ADF: af:tree custom context menu using selected row values

When you right click on a tree node you can see a context menu with some options like expand or collapse a node or all nodes. You can also add a custom options easily by using contextMenu facet. I am going to show you how to add a custom context menu and use selected node values in the options label.
You can download this example from my Github repository.
To create the tree structure that we will use in this example we are going to use Employees table of hr schema.
We should have this structure in the data model.
After we have our views added to the application module, we have to drag and drop EmployeesView1 from the datacontrol palette.
The next step is to add the children in the tree binding so we click on the add green button and select ‘EmployeeView’.
We are only going to use one attribute, but you can add as many as you want.
After clicking ‘Ok’ in the dialog we can add a custom contextmenu by adding a component structure like this:

If you run the application you can see ‘MenuOption 1’ in the context menu.
Now that we have our custom option in the context menu, We can try to add #{node.FirstName} in the text property os the commandMenuItem.

As you can see the new option is still in the context menu, but no name is displayed.

To achieve this we have to use a setPropertyListener with a popupFetch to store the value that we want to show in a variable.
This variable has to be at least in viewScope.
contentDelivery property of the popup has to be set to ‘lazyUncached’.

If you run the application again you can see that the option now displays the name of the selected node properly.

Update 25/09/2015; 

There is a issue while trying to open the contextual menu clicking one node while you have already have a contextual menu opened. Some times it will not open.

It can be fixed by adding contextMenuSelect=”false” in your af:tree

Oracle Mobile Cloud Service: Create an API that calls a REST web service

In the lasts post about Oracle Mobile Cloud Platform I already told that you can connect to a external SOAP/REST web service, but you have to do it through a connector. We have also to keep in mind that with REST API or Android/iOS SDK you cannot call directly a connector, you have to call a custom API that will make the call to that connector so we will also have to make a implementation of out custom API using node.js.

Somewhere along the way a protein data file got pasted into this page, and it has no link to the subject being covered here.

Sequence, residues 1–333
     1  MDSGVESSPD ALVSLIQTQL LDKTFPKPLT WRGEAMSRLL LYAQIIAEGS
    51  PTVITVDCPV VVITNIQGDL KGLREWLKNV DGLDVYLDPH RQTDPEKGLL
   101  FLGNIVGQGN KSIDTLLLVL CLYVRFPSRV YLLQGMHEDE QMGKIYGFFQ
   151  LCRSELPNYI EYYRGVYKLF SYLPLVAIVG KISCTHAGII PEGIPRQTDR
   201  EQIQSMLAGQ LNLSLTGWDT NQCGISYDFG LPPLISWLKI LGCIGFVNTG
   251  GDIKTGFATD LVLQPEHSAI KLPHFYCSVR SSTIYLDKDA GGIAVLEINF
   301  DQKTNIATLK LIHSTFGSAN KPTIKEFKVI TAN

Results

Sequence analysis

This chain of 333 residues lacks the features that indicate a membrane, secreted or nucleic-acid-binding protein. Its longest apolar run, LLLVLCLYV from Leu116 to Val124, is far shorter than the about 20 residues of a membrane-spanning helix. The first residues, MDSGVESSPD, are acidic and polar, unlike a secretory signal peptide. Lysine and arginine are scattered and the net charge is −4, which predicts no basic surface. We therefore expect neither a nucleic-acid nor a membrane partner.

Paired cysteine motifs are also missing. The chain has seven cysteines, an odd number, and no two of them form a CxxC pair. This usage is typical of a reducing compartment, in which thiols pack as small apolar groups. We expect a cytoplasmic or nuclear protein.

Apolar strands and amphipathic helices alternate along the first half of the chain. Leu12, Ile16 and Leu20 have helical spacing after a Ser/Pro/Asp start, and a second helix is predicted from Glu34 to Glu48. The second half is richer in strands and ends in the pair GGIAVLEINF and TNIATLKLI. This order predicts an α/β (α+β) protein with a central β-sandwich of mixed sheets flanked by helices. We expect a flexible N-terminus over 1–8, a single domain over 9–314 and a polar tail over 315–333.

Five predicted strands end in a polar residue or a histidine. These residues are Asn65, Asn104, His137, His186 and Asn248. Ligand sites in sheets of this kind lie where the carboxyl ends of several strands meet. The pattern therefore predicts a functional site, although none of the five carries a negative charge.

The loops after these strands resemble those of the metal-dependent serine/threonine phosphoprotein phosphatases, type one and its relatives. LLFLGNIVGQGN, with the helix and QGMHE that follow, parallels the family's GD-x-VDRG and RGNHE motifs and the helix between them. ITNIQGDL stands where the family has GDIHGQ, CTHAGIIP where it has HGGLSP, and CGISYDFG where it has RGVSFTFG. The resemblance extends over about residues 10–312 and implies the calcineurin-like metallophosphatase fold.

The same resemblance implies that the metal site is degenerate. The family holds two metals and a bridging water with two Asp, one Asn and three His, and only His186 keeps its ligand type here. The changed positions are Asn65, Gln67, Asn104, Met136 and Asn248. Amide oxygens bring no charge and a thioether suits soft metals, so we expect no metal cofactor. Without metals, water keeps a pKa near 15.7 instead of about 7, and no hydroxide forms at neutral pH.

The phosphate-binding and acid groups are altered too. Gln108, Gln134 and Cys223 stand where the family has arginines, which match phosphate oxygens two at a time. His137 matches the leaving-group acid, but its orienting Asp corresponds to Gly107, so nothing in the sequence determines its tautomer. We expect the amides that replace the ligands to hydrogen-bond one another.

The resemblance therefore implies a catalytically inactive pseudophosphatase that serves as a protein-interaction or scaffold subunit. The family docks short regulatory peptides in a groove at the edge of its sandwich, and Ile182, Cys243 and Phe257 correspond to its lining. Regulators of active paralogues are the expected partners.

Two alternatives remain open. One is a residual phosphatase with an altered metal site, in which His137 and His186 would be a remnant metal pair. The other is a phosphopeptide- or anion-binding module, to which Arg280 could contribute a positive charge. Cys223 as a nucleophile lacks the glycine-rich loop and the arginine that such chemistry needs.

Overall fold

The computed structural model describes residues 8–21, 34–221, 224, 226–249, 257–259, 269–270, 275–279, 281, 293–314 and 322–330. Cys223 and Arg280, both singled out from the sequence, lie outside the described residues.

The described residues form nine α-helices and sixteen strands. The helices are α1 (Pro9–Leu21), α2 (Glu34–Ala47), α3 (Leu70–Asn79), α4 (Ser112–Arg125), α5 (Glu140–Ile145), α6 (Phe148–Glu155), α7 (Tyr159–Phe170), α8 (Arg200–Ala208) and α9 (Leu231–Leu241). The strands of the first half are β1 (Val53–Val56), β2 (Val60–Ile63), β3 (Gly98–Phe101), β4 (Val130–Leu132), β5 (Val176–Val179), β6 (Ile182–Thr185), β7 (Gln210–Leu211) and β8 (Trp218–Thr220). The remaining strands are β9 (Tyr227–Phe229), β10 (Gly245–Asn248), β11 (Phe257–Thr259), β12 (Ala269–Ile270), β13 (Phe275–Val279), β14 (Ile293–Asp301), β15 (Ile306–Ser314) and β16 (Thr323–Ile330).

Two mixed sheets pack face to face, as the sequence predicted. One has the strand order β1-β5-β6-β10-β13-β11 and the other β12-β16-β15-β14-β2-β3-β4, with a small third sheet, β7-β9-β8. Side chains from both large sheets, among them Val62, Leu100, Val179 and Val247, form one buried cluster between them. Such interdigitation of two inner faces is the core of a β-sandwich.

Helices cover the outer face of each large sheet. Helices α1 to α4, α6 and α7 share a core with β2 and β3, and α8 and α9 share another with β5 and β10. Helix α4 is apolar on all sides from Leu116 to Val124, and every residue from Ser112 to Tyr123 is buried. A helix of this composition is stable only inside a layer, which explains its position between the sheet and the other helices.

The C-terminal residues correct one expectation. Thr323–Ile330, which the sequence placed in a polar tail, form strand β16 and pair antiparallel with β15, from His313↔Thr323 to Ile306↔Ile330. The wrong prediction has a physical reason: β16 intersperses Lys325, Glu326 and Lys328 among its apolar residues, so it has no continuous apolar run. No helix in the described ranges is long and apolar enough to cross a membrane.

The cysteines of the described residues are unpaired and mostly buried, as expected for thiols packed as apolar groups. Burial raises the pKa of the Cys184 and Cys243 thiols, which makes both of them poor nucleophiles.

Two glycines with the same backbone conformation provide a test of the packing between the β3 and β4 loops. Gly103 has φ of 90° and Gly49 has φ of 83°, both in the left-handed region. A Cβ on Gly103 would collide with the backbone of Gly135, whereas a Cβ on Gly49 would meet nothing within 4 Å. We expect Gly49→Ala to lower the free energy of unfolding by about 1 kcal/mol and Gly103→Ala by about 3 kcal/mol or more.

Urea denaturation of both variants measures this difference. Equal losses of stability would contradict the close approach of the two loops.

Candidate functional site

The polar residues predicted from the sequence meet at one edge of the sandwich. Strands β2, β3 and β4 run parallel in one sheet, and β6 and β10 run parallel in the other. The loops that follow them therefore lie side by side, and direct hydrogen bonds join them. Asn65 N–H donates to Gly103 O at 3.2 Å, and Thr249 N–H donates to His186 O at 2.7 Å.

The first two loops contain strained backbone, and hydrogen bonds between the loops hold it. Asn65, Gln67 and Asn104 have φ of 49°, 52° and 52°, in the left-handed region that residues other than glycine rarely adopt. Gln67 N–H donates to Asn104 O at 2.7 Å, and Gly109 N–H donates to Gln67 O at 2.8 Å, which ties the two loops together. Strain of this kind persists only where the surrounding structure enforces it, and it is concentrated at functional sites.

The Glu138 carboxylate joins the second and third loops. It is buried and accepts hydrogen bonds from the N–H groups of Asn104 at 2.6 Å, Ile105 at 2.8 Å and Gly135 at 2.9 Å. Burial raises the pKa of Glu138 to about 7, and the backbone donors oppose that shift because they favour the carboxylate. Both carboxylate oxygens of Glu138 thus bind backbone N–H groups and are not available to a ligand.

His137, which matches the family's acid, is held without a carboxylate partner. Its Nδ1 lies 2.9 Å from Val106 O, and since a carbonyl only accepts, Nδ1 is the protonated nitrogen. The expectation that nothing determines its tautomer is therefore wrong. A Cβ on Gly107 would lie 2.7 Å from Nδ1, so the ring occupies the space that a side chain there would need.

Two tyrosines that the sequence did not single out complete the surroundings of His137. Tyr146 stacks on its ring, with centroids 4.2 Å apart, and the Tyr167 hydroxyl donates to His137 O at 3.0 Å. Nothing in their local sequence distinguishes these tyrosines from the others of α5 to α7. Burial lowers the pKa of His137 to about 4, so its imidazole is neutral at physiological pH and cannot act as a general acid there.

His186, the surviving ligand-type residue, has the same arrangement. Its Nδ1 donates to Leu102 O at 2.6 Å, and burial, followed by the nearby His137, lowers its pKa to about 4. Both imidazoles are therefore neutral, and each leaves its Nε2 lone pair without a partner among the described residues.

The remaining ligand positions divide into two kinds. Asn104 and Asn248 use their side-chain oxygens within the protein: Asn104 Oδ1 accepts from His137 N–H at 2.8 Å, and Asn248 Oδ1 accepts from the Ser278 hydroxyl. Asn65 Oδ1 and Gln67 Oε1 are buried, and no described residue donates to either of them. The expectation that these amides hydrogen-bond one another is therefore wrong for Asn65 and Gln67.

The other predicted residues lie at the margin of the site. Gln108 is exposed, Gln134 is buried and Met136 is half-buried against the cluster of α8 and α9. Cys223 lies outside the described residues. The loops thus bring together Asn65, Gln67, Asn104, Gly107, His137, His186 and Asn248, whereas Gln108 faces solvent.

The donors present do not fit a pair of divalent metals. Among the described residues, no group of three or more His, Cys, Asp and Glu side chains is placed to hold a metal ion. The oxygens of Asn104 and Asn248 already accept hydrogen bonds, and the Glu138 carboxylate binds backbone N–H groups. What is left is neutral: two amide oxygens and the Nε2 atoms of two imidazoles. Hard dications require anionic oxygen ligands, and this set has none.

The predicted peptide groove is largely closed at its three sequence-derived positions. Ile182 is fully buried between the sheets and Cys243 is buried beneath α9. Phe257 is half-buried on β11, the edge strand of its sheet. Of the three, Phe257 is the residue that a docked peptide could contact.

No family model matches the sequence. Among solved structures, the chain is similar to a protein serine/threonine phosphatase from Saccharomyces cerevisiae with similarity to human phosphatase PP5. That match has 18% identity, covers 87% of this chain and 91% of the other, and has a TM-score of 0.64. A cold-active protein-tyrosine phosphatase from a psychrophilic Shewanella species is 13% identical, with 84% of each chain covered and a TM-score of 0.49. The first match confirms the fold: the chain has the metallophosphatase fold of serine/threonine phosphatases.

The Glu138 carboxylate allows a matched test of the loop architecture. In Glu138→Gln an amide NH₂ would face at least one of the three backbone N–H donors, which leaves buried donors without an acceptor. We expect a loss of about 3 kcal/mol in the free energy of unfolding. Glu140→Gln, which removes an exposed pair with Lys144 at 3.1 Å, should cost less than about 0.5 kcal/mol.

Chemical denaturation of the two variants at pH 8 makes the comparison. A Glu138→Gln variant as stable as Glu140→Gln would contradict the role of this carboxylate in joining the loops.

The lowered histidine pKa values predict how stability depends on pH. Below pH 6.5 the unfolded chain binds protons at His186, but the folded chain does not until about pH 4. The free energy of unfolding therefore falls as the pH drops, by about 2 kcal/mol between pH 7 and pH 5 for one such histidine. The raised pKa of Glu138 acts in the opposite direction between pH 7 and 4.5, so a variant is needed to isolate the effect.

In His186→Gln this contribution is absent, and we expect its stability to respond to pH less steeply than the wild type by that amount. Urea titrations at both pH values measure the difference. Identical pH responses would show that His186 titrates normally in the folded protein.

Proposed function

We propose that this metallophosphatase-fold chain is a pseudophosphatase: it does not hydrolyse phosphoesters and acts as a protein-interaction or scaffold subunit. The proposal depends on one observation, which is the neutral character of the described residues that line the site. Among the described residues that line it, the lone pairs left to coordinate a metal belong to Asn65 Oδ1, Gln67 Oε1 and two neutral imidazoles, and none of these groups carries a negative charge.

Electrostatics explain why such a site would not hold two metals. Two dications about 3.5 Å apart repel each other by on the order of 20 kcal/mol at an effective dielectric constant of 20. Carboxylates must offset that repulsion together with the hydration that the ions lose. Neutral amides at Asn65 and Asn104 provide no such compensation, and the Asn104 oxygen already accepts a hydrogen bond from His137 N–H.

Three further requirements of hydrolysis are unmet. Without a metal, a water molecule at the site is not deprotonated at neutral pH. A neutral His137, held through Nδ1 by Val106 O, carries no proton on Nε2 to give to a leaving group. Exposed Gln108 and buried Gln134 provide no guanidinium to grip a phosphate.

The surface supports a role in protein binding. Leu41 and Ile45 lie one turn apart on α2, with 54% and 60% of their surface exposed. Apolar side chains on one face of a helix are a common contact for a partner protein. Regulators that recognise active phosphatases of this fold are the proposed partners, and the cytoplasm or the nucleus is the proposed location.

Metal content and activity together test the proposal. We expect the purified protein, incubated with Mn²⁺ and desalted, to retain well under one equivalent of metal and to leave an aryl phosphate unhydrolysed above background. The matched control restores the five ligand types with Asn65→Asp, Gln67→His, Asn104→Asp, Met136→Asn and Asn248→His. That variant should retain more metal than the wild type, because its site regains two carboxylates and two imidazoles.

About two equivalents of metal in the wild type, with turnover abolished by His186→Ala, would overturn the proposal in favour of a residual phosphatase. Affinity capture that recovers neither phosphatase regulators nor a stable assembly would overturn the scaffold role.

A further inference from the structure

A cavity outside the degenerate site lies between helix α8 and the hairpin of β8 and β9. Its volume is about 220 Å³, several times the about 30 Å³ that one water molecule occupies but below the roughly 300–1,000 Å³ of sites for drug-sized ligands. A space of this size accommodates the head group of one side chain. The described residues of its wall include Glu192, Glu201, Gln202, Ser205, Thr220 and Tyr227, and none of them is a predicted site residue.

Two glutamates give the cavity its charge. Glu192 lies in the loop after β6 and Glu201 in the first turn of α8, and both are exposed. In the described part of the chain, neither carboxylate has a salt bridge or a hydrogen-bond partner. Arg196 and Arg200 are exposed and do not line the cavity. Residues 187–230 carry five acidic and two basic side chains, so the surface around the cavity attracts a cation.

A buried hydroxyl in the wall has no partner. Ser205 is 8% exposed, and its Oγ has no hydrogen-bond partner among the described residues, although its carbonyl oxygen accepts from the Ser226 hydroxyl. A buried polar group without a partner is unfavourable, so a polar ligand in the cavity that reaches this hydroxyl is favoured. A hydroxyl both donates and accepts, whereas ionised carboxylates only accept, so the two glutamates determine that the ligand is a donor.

You can download this example from my Github repository.

In this post I am going to show with a quick example  how easy is to create an API that makes a call to an external REST web service.

The steps we are going to do are:

  1. Create a Mobile Backend (MBE)
  2. Create a Connector
  3. Create, design and implement an API.

Create a Mobile Backend (MBE)

A Mobile Backend is the gateway through we will make any API (custom or platform) call, so the first step is to create one.
In the Developer Portal we have to make click on Mobile Backend and in the next page we have to click on “New Mobile backend” and fill the required fields like name and description.

Create a connector
A connector will let us to make a external webservice call from MCS, so in the Developer Portal we have to navigate to Connectors.
In connectors page we have to click on “New Connector”, as type we pick REST and then we fill the name and the web service url.

In this example I have picked a public rest weather API:

Once we have created the connector we can skip until the last step, “Test” and just click on “Test Connector” to test our connector.

As you can see the web services give us weather data of Madrid as we put ‘Madrid’ in the url parameter.

Now we have connected MCS with a external web service, but as you can imagine we should make our connector parameterized so we don’t have to create a connector per city.

we have to make a couple of things to get it working:

First we have to edit the connector url and remove “?q=Madrid” from it.

And we have also to add a rule to our connector. To do this we have to go to rules step in our connector and click on add new rule.
In this case we are going to add a new parameter that will be associated to all the calls that we will make to this connector.
It is possible to associate a rule to a specific resource or a certain HTTP methods.

Now we are going to test that our connector works with the parameter.
We have to navigate to ‘Test’ and fill the input next to ‘Local URI’ with ‘?q=Barcelona’.
If we don’t fill the input the connector would use the default value we set in the rule.